NOVA Employment is a not-for-profit charity that aims to achieve the employment of people who have a disability in award wage work within the general community. They offer specialist job seeking assistance, post placement support and work exclusively with people who have a disability.

The NOVA Employment Football4All Gala Day will take place at Valentine Sports Park on Sunday June 27, 2021.

Is it time for a national agenda regarding Futsal?

Futsal has played a role in the development of famous football players. Is it time for national agenda regarding this format of the game?

Futsal has played a huge role in the development of some of the most famous football players on the planet. Lionel Messi, Cristiano Ronaldo, and Neymar are three of the biggest names in game, who all honed their skills playing the small-sided game.

Even in Australia, one of our top talents – Celtic and Socceroo’s Tom Rogic – was an avid player throughout his youth. The country is currently without a national team for men or women, and those within the game argue that without a national agenda for futsal, Australia may fail to develop players of this calibre going forward.

According to former Futsalroo and South Melbourne Legend Fernando de Moraes, one of the biggest benefits to player development is the number of touches on the ball they receive, and this is an essential part of developing a complete and technically talented footballer.

“I’d say futsal isn’t important. It’s essential. It has to be a part of their development. The technique developed from playing futsal, you won’t get that in outdoor football. The technical skills, the small touches of the ball, the quick thinking. In the full-sided game, you don’t get enough of that sometimes,” he said.

Anthony Grima, head of commercial and futsal at Football Victoria, is at the heart of the development of the game within Australia. He believes that Australia needs a national road map for futsal to get the best out of the game.

“A roadmap for Futsal is crucial for the future success of the sport in this country. It would lay the foundations for the sport nationally and provide an aligned Futsal framework for all states and territories to follow,” he said.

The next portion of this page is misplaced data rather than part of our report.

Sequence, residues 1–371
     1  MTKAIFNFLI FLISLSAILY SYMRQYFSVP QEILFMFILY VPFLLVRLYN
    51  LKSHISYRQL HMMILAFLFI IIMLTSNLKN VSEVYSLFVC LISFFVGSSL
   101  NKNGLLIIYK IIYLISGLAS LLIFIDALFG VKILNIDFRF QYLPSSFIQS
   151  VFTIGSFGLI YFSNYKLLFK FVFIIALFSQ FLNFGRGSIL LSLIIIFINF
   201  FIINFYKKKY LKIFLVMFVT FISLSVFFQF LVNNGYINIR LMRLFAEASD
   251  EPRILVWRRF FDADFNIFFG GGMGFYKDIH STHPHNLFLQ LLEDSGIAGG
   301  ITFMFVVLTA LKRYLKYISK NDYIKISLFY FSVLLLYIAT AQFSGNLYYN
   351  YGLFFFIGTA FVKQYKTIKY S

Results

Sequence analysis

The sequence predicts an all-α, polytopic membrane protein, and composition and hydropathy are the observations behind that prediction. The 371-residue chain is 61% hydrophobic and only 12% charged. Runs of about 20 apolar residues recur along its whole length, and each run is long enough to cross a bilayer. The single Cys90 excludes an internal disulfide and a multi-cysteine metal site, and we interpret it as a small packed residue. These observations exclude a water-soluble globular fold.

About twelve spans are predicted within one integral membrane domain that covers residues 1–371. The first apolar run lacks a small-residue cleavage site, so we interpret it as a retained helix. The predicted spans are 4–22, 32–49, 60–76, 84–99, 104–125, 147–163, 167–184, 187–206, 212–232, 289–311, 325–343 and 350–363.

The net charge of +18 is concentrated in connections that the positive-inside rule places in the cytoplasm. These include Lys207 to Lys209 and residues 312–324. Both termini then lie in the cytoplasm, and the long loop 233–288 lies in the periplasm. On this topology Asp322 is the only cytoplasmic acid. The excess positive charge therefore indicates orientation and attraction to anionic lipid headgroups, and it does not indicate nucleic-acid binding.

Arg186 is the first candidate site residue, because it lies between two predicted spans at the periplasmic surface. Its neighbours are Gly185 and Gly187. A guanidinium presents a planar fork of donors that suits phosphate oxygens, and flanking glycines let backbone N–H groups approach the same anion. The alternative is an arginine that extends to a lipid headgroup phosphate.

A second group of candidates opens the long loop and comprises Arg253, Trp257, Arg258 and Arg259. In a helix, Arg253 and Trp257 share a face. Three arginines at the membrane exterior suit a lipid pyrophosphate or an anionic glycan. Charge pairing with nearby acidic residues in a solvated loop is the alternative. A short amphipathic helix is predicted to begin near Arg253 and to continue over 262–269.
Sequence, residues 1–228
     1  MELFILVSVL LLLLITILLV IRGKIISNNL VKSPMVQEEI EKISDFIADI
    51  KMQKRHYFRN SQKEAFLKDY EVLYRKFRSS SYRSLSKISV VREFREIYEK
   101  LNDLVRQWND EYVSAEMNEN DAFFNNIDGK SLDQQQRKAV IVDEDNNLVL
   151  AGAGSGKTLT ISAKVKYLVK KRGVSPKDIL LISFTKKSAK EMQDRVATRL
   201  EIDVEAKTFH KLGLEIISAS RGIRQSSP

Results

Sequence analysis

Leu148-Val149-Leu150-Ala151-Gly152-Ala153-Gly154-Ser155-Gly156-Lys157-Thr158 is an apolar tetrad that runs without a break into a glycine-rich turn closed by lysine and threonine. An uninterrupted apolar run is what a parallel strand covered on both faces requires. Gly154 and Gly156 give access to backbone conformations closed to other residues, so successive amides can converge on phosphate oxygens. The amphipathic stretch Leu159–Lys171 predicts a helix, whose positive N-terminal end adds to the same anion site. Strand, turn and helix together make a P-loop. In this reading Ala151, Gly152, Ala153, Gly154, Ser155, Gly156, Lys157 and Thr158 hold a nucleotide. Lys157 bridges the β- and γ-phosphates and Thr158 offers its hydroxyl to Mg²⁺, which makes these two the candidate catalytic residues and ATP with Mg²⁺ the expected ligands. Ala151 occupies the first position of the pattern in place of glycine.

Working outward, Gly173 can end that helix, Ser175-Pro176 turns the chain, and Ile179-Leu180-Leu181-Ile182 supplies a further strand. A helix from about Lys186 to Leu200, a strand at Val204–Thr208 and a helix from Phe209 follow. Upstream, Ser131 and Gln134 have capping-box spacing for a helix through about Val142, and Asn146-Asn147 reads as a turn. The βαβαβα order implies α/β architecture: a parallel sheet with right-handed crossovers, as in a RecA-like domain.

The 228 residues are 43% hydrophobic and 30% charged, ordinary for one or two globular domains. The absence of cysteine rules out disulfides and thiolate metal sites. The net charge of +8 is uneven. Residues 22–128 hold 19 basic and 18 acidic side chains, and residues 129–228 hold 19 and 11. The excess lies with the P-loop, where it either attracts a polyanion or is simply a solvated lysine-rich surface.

“Priorities such as governance, grassroots and pathway programs, player, coach and referee development, Futsal national teams, a national Futsal League and more.”

De Moraes believes without a path for young players to compete against the best opposition, the game is losing out on developing players. Football Australia’s former iteration of a national futsal league, the F-League, is now defunct.

Fernando De Moraes playing in the F-League

“It all starts from if you don’t have a professional or national league, even a semi-pro league. If you have a pathway for the kids who want to join futsal in competitions around the country, these amazing kids can succeed. But obviously, there is no pathway for them. They get lost,” he said.

De Moraes is no stranger to international futsal, having been capped 29 times by his country. In the past futsal has operated on an ad-hoc basis, with national teams suffering from a lack of support and organisation. National teams were sometimes organized as representative sides without recognition from the professional bodies in Australia, especially for women.

“It was always a get-together one or two months before the competition, we’d train together maybe two times, and then we’d go overseas to play the tournament. To have a program, so you can organise sooner, get yourself ahead, and develop players would be brilliant,” de Moraes said.

According to Grima, the sport has suffered without a centralised and focused vision, however, success can be created by listening to the stakeholders of the game.

“There has been a lack of certainty over what role governing bodies should play in Futsal and what leadership they should provide,” he said.

“After the extensive consultation we did here in Victoria in 2019 with the game’s stakeholders – and getting a deeper understanding of best practice principles – it is clear that the sport must be aligned.”

Grima explains that while the game faces issues, Football Australia, and the state federations, have signalled improvements in the games pathways, while calling for a national agenda for the sport.